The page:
Nicoya Lifesciences, the Kitchener-based biotechnology startup, has generated a $2-million raise from a consortium of 11 investors affiliated with the Toronto-Waterloo Corridor.

"The entire Nicoya team have built a product that lets academic and private institutions run tests at a fraction of the cost,” said Matt Cohen, Managing Partner of Ripple Ventures, which maintains offices in Toronto, Boston and San Francisco and was one of two lead investors on the raise. “Ripple Ventures is thrilled to co-lead this investment in Nicoya Lifesciences.”

The other lead investor is Cambridge, Ont.-based GTAN, the Golden Triangle Angel Network.

Additional companies taking a position in Nicoya include MaRS IAF, BDC, Garage Capital, Angel One, Maple Leaf Angels, Innovation Grade Ventures, the Laurier Startup Fund, the University of Waterloo Student Venture Fund and the Waterloo Alumni Angels.

Nicoya Lifesciences uses nanotechnology to reduce the cost and complexity of scientific instruments, making them more accessible. Its instruments, now used in 25 countries worldwide, allow scientists to better understand diseases and develop new drugs to treat them.

The company was launched in 2012 as a spinout of the University of Waterloo and took part in Communitech’s Rev sales accelerator in 2015.

The funding, Nicoya said in a release, will support new product development and expand sales and marketing.

“We are developing some of the most advanced biosensor technologies in the world and we are excited about the impact they will have on human health in the future," said Ryan Denomme, Nicoya Lifesciences co-founder and CEO.

Denomme defined the raise as a seed extension. The company, which now has 19 employees, raised an undisclosed amount in a seed round in 2015.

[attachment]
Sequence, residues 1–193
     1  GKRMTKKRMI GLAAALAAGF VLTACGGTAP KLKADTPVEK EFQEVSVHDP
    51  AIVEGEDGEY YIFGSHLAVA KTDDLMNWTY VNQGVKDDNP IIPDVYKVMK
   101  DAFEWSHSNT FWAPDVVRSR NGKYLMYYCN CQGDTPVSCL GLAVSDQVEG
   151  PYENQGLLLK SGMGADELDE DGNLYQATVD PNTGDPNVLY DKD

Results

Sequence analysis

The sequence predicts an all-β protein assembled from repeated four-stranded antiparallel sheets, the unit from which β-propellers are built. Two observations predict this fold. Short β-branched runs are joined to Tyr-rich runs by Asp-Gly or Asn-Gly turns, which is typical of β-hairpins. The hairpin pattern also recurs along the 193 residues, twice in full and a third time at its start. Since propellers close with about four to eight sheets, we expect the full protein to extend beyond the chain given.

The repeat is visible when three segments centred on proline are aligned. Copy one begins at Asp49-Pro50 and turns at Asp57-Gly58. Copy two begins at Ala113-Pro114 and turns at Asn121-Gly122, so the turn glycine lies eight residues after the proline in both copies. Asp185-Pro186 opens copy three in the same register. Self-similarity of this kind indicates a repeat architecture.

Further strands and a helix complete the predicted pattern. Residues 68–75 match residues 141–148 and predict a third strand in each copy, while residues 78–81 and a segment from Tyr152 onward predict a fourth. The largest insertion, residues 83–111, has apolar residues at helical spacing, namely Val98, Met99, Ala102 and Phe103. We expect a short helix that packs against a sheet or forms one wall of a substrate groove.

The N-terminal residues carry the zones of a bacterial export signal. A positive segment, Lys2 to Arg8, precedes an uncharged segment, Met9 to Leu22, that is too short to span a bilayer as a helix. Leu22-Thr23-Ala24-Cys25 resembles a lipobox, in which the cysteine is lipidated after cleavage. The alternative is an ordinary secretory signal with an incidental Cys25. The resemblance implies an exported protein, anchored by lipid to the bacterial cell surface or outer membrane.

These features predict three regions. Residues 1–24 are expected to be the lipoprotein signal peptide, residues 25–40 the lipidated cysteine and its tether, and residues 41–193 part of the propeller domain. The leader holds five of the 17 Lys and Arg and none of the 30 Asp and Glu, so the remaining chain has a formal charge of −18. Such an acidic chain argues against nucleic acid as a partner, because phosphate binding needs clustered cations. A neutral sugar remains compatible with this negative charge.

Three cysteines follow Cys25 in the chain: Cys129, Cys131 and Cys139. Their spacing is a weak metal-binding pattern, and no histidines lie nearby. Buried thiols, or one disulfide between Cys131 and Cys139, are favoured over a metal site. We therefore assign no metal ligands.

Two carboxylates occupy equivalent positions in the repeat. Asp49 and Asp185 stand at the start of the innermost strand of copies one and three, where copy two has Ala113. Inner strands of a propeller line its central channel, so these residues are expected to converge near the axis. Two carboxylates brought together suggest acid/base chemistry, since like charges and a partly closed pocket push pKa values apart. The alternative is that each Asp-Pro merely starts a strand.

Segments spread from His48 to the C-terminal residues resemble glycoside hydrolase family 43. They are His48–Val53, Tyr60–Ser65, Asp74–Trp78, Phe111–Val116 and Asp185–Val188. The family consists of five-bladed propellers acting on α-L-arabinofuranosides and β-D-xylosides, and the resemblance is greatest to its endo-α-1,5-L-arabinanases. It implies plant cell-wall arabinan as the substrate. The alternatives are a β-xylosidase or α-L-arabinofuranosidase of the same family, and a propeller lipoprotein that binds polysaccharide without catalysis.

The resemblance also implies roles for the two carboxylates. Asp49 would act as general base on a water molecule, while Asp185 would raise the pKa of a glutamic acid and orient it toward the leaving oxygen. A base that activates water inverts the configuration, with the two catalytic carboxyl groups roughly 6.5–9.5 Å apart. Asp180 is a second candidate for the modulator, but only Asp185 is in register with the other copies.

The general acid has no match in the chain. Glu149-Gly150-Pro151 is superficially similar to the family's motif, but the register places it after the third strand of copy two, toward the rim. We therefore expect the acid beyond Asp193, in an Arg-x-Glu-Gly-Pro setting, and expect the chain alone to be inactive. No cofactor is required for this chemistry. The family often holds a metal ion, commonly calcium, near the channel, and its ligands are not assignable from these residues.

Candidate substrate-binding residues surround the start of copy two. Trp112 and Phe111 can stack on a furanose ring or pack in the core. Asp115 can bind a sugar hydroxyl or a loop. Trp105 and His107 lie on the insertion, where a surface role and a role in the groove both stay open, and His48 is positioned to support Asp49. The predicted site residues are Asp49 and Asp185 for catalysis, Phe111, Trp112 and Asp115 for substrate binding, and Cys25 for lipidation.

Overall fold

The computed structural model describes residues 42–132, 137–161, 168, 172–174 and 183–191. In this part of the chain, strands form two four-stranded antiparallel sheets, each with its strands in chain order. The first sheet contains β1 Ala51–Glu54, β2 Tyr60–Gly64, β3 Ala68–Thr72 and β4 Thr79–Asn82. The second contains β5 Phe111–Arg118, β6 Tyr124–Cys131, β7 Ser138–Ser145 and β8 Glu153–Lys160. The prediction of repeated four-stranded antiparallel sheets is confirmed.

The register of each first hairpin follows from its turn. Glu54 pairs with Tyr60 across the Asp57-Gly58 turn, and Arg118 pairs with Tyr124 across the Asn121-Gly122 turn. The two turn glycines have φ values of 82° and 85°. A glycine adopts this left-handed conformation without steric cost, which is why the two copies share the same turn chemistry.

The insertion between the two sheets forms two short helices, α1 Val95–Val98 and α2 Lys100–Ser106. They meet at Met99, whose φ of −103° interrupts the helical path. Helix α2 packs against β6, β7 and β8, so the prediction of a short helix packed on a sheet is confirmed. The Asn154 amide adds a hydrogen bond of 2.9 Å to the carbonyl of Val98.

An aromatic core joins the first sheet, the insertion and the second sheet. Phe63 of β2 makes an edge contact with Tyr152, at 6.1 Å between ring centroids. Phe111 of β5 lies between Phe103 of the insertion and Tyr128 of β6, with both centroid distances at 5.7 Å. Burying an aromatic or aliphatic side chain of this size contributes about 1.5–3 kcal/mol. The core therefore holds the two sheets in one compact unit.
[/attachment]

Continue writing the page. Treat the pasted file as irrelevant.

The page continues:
"We have been doubling in headcount and revenue every year for the past three years and that is what we plan to continue doing," Denomme said in an email.

It’s relatively unique for a company to gain such broad investment interest from Ontario-based or Ontario-connected companies, which raises the likelihood that returns on the investment will remain in Canada and be reinvested locally.

“This financing really highlights the growth and success of angel investing in Ontario,” said Brian Hunter, President of NorthSpring Capital Partners and co-lead for GTAN. “A record eleven angel investors from GTAN, as well as 10 other angels from Maple Leaf One and Angel One, participated in this oversubscribed raise.”

Denomme credited the time spent in Rev and the opportunities afforded by being part of the Waterloo Region tech community as instrumental in the company's continued growth and success.

"[Rev] was essential," he said. "We had never built a sales process before and Rev provided us with a lot of help in doing that – providing us with mentors, accountability, training, tools, etc.

"Being part of the region's tech ecosystem is very valuable. Specifically for this raise, people like [Associate Director] Aaron Bast from [MaRS] IAF, who originally invested in our seed round, helped with intros and to set up meetings with other investors in the region, and having their vote of confidence goes a long way.

"Other things like the Corridor Demo Day that the Waterloo-Toronto Corridor put on [last autumn] was also valuable in generating interest and meeting new investors. We have always felt like we had the support of the tech community here and we wouldn't be where we are today without it."